For example, let’s say that Bill and Jane are in the same migration batch. We need all the permissions they have access to, and we also need all the permissions of users that have access to Bill and Jane’s mailboxes. This is a simple task once you’ve completed all the collecting of the permissions and evaluating these results can happen at lightning speed.
.\Search–RecipientPermissions.ps1 –InputData 20200108T014040Z.csv –InputUserBatch bill,jane,tiptop –ExportCSV
But do I really need all permissions related to users even in the same migration batch? Perhaps not. It’s unlikely permissions for users between users in the same batch will be required. So, we can also strip these out of our results as well by adding the -ExcludeUserBatchPermissions switch.
As you can see, we now have a reduced number of permissions allowing us to focus on the most important things first such as remove orphaned or invalid permissions.
Orphaned or invalid permissions remain when an object is deleted leaving the unknown SID. But I suppose the question is, why would I care about those inactive permissions and how could they affect my mailbox migration?
About midway through 2016, a change was introduced to Exchange Online whereby if a security principal could not be successfully validated/mapped to an Exchange Online object, it would be marked as a bad item. This means when moving mailboxes to Exchange Online you will likely see the error message TooManyBadItemsPermanentException. Further details about the issue can be found here.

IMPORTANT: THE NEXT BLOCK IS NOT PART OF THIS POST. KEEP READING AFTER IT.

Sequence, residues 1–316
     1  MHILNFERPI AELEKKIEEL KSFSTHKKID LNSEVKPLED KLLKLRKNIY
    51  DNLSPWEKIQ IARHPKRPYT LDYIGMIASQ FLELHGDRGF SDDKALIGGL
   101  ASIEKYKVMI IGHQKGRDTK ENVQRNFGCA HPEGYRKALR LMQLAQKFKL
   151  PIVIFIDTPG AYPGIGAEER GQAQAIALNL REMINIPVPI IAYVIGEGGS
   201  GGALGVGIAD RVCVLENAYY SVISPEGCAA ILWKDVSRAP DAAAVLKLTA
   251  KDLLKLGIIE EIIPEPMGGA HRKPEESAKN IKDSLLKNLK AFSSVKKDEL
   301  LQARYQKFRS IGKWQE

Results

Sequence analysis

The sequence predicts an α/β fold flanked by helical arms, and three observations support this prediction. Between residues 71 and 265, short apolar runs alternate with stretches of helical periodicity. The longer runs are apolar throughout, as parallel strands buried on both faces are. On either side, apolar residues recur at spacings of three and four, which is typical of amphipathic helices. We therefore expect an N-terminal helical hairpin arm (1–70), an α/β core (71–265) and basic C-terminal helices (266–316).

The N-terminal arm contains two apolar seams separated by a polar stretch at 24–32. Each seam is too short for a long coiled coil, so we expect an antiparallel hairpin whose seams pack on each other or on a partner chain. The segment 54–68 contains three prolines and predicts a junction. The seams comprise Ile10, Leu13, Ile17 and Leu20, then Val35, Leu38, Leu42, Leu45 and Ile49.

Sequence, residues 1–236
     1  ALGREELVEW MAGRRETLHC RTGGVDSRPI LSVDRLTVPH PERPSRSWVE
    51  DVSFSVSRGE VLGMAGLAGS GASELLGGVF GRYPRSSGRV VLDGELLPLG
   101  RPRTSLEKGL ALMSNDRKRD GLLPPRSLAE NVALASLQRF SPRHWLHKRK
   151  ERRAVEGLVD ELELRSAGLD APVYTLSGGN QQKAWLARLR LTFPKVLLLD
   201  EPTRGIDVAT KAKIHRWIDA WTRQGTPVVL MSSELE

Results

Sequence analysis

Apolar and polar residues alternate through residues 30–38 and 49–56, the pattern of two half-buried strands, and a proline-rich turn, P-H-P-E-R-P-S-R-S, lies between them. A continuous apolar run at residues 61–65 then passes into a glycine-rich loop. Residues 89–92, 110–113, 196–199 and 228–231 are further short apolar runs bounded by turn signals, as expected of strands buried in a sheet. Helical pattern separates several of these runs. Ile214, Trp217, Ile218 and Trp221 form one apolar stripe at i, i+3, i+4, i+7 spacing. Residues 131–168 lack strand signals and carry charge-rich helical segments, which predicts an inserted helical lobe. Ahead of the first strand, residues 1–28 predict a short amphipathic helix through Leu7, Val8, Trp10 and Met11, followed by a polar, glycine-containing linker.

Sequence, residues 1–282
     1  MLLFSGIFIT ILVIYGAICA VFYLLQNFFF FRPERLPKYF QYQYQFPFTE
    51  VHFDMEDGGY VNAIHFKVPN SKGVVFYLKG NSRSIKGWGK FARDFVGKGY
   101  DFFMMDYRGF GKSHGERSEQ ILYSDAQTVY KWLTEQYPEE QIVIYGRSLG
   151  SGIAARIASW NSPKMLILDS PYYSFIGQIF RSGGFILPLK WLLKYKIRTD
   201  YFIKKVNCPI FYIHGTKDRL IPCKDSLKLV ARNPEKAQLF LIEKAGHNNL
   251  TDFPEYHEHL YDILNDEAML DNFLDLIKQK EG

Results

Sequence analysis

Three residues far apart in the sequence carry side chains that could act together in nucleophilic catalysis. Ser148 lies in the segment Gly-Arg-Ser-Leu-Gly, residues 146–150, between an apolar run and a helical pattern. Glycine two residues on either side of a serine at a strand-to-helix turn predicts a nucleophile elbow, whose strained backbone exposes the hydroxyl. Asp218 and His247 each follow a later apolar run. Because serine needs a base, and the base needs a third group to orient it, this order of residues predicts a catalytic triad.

The suggested solution is to start the migration and basically wait and see. Once the migration batch fails you will have two options.
- Fix the permissions and start a new batch or
- The fool’s way out, simply increase the bad item count. Most administrators in this predicament always choose option 2 but if you have ever had to explain to your CEO why he missed a key meeting after his mailbox was migrated you really should think twice but alternately telling the CEO that you have postponed his migration may also be a PR disaster. What a dilemma!
I’d suggest that we need to rethink this approach and I’m glad that the Migration Team for Microsoft was on the same wavelength and recently released a new feature Data Consistency Scoring for mailbox migrations. This new feature allows us to investigate these corrupt items before finalizing the migration batch and provides a new set of data that helps us make better decisions moving forward.
No doubt this new feature has great value, but perhaps one could still argue that it would be better if we cleaned up those invalid permissions before migrating them to Exchange Online? But the question is how? If like me you’re a bit of perfectionist, let’s continue.
Once more back to the Get-RecipientPermissions script. We can remove any deleted objects with an unresolved SID by adding the -PerformRemoval switch. But before we do let’s find those orphaned permissions.
Of interest in the export is the column PeformRemoval values which tells you which permissions will be removed.
Note: By default only permissions identified as a ‘Deleted User’ will be removed but this can be adjusted to remove other identified objects such as ‘ADObjectNotFound’ by updating the decisions matrix within the script.
Once you have reviewed the permissions (PerformRemoval -eq $True) simply rerun the script and add the -PerformRemoval switch.
.\Search-RecipientPermissions.ps1 -Identity Bill -PerformRemoval
Once completed successfully review the ScriptAction column which should state the removal completed successfully.
Note: We would recommend first testing the removal process using the -WhatIf Parameter. If you need to remove the prompts for large batch removal please use the -confirm:$false switch.
And for the final round up, these simple yet important steps can contribute to a truly successful migration with the end user so delighted, they will want to shout the next round of drinks. Remember progress does not always equal success.